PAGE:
Jump to ContentJump to Main Navigation
Surrogate Motherhood and the Politics of Reproduction$
Users without a subscription are not able to see the full content.

Susan Markens

Print publication date: 2007

Print ISBN-13: 9780520252035

Published to California Scholarship Online: March 2012

DOI: 10.1525/california/9780520252035.001.0001

Show Summary Details
Page of

PRINTED FROM CALIFORNIA SCHOLARSHIP ONLINE (www.california.universitypressscholarship.com). (c) Copyright University of California Press, 2020. All Rights Reserved. An individual user may print out a PDF of a single chapter of a monograph in CALSO for personal use.date: 01 June 2020

A Brave New World?: Reproductive Politics from the Past to the Present

A Brave New World?: Reproductive Politics from the Past to the Present

Chapter:
(p.171) Chapter 6 A Brave New World?: Reproductive Politics from the Past to the Present
Source:
Surrogate Motherhood and the Politics of Reproduction
Author(s):

Susan Markens

Publisher:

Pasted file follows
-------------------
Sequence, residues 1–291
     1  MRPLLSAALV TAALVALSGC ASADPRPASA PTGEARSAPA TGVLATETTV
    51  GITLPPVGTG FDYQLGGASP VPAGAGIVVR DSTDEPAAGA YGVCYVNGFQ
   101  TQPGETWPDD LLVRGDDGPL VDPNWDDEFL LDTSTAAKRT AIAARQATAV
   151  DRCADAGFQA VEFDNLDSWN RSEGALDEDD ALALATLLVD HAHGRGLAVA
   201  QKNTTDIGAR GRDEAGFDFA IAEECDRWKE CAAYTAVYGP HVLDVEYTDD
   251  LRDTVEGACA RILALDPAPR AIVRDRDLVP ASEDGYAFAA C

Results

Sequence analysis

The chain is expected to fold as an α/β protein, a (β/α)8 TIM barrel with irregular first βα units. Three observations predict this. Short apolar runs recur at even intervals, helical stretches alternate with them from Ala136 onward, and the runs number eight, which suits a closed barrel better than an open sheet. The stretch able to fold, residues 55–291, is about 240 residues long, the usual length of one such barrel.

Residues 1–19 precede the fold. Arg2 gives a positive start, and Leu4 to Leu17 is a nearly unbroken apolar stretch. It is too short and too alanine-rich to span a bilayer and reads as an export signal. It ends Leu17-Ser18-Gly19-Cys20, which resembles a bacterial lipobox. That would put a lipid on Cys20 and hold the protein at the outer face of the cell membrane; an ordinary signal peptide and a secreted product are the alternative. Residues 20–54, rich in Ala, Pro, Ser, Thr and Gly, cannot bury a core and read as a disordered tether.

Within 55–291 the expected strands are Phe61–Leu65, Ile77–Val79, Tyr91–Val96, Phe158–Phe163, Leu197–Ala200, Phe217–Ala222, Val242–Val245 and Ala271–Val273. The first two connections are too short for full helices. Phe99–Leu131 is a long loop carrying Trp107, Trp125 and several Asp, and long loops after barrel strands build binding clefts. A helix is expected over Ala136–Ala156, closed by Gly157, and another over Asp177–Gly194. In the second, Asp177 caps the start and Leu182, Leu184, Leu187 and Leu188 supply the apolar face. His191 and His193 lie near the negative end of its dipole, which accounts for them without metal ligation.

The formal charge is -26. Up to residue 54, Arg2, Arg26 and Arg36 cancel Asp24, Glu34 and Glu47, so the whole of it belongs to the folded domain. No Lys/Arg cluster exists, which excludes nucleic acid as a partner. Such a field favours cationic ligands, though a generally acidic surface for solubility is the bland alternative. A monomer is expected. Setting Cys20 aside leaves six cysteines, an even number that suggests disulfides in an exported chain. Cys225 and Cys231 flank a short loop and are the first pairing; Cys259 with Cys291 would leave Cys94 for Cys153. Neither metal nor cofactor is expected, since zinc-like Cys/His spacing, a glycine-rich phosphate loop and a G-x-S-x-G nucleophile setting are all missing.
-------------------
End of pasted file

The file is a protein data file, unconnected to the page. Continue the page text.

University of California Press
DOI:10.1525/california/9780520252035.003.0007

The family is the institution whose future is perhaps the most regularly described as being in jeopardy in America. Contemporary worries about the threat to the normative family, and to its place as the cornerstone of the nation, have parallels in the late nineteenth- and earlier twentieth-century alarm over women's declining fertility and the subsequent interventions to boost childbearing levels. And much as in the late 1800s, contemporary reproductive politics is characterized by race- and class-specific concerns. Early twentieth-century anxiety about declining fertility was focused on the declining fertility of white, middle-class women and the concomitant rise in immigration from southern and eastern Europe. These fears promoted a campaign against “race suicide.” More recent concerns about issues such as delayed marriage and childbearing, increased infertility, and the lack of “adoptable” babies also are clearly focused on the reproduction of white, middle-class families.

Keywords:   jeopardy, fertility, Europe, race suicide, interventions

California Scholarship Online requires a subscription or purchase to access the full text of books within the service. Public users can however freely search the site and view the abstracts and keywords for each book and chapter.

Please, subscribe or login to access full text content.

If you think you should have access to this title, please contact your librarian.

To troubleshoot, please check our FAQs, and if you can't find the answer there, please contact us.